Moisan Legal P.C. Blog

Thursday, March 12, 2015

When Have You First Used Your Trademark For Registration?

By: Aaron Riedel

Once you have decided upon a trademark and had an attorney run clearance searches, you may apply to register the trademark under one of two filing bases. You may either file an "in use" application to the United States Patent and Trademark Office ("USPTO"), which certifies that you have already used the mark in commerce, or an "intent to use" application, which although you haven’t used the mark yet in commerce, reserves the trademark on the register because you will use it at a later date. Eventually, you will have to file additional documentation with the USPTO asserting a date of first use of trademark.

But what qualifies as “in-use”?

Generally, to register an "in-use" trademark, you have to meet two requirements:

(1) that you made a "bona fide" use of the trademark; and

(2) that your first "bona fide" use was in interstate commerce (or, if you are a foreign applicant without a foreign trademark registration, in international commerce with the United States).

What is a "bona fide" use of a trademark:

This standard broadly means that you have genuinely sold or intend to sell your product continually. Even if your first use is promotional, you must have a genuine intent to then continue to offer for sale and sell your product for it to qualify for registration.

This standard is industry specific. What qualifies for one company or individual may likely be different than other companies. If you product is very large and expensive, then it is very likely that more sporadic and infrequent sales would count. Conversely, if your product is small, easily transportable and inexpensive, then you would likely have to make more frequent sales to the public.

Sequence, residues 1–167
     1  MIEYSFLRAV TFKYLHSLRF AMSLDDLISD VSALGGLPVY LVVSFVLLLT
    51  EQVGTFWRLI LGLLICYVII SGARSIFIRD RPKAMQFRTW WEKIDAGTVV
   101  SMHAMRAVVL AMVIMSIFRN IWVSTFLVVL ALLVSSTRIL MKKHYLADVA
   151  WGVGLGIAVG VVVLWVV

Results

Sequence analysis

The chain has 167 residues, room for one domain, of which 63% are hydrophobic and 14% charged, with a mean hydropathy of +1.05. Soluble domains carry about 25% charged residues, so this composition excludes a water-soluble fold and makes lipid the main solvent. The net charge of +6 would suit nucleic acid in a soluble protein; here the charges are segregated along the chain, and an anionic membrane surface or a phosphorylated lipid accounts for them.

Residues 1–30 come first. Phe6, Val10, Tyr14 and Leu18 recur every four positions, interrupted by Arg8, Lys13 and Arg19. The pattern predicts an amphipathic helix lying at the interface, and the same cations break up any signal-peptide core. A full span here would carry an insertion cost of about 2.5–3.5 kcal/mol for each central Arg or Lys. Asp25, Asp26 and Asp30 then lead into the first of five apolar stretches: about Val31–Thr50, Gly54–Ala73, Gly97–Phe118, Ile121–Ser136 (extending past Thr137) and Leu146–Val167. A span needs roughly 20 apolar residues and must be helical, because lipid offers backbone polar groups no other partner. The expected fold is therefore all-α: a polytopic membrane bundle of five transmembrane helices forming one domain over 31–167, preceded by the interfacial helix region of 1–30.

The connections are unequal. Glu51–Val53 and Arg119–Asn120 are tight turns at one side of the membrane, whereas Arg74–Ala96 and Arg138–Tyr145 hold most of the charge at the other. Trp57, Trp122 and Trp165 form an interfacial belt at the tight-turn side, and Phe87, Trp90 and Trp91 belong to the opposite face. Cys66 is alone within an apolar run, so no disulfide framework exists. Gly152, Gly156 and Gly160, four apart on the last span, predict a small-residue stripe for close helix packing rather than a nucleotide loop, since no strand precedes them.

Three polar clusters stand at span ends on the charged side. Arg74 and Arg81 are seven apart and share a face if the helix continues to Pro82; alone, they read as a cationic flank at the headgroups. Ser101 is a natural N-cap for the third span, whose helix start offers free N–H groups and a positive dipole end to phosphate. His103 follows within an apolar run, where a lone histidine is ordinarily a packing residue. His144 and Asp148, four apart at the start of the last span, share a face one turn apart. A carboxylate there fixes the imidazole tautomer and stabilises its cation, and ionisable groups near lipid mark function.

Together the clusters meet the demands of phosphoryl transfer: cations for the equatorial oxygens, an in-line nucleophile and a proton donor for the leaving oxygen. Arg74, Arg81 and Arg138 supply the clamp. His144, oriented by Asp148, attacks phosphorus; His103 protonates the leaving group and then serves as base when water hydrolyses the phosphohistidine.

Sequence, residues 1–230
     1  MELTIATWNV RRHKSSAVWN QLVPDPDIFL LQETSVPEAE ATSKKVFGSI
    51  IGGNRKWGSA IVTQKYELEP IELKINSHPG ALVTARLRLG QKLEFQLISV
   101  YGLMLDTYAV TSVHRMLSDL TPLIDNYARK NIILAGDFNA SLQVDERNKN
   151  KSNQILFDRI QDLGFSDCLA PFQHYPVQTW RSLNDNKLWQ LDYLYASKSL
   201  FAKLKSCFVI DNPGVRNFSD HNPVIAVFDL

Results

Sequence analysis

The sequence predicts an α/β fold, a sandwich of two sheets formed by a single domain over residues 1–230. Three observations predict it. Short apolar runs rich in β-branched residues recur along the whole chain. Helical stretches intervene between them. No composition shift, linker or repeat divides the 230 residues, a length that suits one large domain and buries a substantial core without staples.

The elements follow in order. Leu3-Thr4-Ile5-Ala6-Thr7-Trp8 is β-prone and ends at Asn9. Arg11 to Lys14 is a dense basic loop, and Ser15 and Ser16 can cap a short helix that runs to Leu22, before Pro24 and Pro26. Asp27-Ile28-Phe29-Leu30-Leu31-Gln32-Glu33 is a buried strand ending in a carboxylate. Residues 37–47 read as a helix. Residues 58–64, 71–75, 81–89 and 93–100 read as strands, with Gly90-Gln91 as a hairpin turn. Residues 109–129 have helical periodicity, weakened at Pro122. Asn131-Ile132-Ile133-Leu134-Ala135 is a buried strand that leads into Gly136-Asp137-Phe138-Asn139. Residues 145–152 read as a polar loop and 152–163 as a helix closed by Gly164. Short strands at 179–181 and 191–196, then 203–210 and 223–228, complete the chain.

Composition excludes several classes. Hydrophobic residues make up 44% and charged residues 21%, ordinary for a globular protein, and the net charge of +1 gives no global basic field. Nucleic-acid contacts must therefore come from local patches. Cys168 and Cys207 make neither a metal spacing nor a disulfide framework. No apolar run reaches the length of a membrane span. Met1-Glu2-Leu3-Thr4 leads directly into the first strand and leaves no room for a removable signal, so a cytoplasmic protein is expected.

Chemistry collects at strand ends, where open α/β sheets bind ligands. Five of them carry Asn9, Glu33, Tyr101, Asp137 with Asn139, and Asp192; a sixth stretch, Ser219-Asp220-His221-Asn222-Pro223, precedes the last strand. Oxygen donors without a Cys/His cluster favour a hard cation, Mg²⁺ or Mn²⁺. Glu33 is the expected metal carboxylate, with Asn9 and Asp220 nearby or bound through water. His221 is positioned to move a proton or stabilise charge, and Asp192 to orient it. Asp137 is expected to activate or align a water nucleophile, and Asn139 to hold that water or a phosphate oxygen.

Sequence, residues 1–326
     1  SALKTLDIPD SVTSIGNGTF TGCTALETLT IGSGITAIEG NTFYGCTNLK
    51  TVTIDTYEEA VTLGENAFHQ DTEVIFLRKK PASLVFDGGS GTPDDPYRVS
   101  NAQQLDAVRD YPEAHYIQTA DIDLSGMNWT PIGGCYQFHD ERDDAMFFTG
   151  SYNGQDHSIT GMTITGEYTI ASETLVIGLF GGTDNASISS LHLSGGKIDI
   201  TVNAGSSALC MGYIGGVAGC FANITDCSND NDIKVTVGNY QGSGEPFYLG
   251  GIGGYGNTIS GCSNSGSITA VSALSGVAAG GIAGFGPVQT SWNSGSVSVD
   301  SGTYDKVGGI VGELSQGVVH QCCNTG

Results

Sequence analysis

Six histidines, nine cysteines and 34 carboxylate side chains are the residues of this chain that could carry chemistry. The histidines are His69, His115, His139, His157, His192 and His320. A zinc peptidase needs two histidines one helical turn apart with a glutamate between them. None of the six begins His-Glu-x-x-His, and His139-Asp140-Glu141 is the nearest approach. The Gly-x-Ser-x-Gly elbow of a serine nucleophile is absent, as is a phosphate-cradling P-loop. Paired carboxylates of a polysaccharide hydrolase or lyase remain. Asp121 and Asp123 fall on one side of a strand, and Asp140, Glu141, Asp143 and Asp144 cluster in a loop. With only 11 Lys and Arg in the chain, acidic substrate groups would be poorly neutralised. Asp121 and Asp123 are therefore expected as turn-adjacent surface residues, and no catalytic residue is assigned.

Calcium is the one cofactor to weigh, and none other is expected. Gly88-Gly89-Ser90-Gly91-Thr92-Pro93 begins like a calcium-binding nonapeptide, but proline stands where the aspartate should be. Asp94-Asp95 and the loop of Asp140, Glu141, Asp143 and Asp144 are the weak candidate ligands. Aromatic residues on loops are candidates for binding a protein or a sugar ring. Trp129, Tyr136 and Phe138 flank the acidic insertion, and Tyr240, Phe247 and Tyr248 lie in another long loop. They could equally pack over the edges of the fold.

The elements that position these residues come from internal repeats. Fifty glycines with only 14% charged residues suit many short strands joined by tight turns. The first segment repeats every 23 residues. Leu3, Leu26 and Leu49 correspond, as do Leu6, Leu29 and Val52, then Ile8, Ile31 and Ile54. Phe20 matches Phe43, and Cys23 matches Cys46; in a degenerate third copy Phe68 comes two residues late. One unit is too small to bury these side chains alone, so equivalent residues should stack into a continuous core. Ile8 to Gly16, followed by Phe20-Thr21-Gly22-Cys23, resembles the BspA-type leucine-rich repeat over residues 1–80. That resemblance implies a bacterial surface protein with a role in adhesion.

Some examples of what would qualify as a bona fide use in commerce are: (1) selling your product or rendering your services across state lines; (2) shipping across state lines with instructions to test the product in the marketplace or to try to sell it; or (3) creating and disseminating offers of your services across state lines.

Some examples of what would likely not qualify as a "bona fide" use in commerce are: (1) “sales” to your relatives, friends and loved ones (which typically means giving away your product for free or at a negligible price); (2) using handmade labels that are “not of a normal, commercial character” (a showing that the applicant is not using the trademark in a serious commercial endeavor); (3) not genuinely offering your product or service to the public and showing a lack of concern for whether the public has the ability to purchase your products or services; or (4) not engaging in any promotional activities for your products or services.

Again, the overarching principle is that an applicant for a trademark must use the mark in interstate (or international) commerce genuinely. Once you have met the first-use in commerce requirements, then you will have a specific date to use when applying for registration of your trademark.

For any questions regarding trademark registration, feel free to contact attorney Aaron Riedel at

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